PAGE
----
Saturday, July 13, 2024

Seinfeld’s spoof on Kellogg: Brand theft or celebrity endorsement?

A minor buzz arose this week over the major issue of whether AI chatbots had evolved a sense of humour. Maybe we’ll know once AI bots get to have the last laugh. For now, another vital question should strike us: Have corporations evolved one? The ribs they tickle are usually by the ad agencies they hire. A test case popped into view this month with the Netflix release of comedian Jerry Seinfeld’s Unfrosted, a spoof on Kellogg-versus-Post rivalry over breakfast cereals and other satisfiers of taste-buds in America. 

In telling its tale—as told to a kid, cleverly—of the amazing success of Kellogg’s Pop-Tarts, this movie gleefully uses the company’s brands and mascots to make bellies wobble with laughter for a change. It tells us about this hot innovation of a flat pastry that pops out of a toaster with such wry distortion that one would have to be an AI bot to take it for real. 

Still, such creative liberty is rarely taken by filmmakers in India. Rajesh Krishnan’s comedy Crew, for example, tactfully uses Kohinoor Airlines as a stand-in for Kingfisher, though with winks and nudges thrown in (like a fictional owner called Vijay Walia). Spoofing a company has long been taboo in showbiz for an obvious reason: There may be legal hell to pay for brand theft, etc. But what’s going on in America? Have businesses begun to see the funny side of what they do?

Seinfeld’s latest film did not pioneer this new genre of brand parodies. Just last year, movie halls were left in splits by Greta Gerwig’s Barbie, which got laughs at this doll’s expense. This film had the approval of the brand’s owner Mattel, though, and might even have served as a subtle ad. According to Seinfeld, Unfrosted is “the opposite.” 

In his words from a recent interview: “Barbie is made by Mattel. Kellogg had no idea and would never allow us to do anything like this. And if we don’t get sued, it’ll be a miracle. We thought that’d be phenomenal publicity, if we do get sued. I mean, walking in court with lawyers to defend myself that I made fun of the Pop-Tart in a way that’s inappropriate… I’d love that trial.”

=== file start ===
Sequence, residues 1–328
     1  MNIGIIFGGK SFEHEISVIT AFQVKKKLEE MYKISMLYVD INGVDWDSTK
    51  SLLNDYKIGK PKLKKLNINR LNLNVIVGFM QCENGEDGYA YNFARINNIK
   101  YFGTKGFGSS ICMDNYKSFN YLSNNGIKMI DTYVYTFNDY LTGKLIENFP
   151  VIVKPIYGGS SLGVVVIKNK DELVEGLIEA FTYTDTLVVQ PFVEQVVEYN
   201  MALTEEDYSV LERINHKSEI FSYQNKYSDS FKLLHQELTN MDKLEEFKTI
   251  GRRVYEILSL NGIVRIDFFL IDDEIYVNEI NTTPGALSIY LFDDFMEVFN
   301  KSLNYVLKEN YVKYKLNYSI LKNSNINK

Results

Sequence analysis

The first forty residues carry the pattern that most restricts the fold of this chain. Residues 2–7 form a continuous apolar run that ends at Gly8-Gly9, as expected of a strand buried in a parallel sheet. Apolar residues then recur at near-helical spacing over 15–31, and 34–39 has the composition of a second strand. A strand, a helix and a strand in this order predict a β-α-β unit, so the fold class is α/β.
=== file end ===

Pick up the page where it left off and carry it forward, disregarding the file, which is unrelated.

Adding a dash of intrigue to the film’s context, Kellogg in the US split last October into Kellanova and W.K. Kellogg Company. The former put out a statement calling the movie “farce not fact,” adding for good measure that it’s “a fictional account of Pop-Tarts’ history and is meant for entertainment purposes.” Seinfeld would probably be disposed to agree. Asked about the research that went into the movie, he replied, “There was no desire to get anything right, we just wanted to make it.”

So, did Seinfeld get away with brand infringement? This is where the plot thickens. Pleased by the buzz, perhaps, Pop-Tarts’ owner Kellanova leapt to join the joke. It ran a spoofy two-minute video of its own to wag a finger at Seinfeld for brand theft as funnily as it could. It even launched limited-pack Tart-Pops, picking up the movie’s version of why it sold like hot cakes: The clunky name Trat-Pop was mistakenly read out backwards on TV as “Pop-Tart,” which proved far catchier than its archrival’s fuddy-duddy Country Squares. 

So, as it turns out in the movie, all the mutual espionage over the recipe, mounted merrily on the scale of a space race, amounts to zilch in the face of an ultimate arbiter: Human error. It’s a fun watch. So, are “grrr-reat” brands developing a funny bone? Are they being advised by image managers to laugh along if the joke’s on them? Or is there something else to be read in the goofy grin of Seinfeld’s open dare? Don’t ask a chatbot.

#Seinfelds #spoof #Kellogg #Brand #theft #celebrity #endorsement

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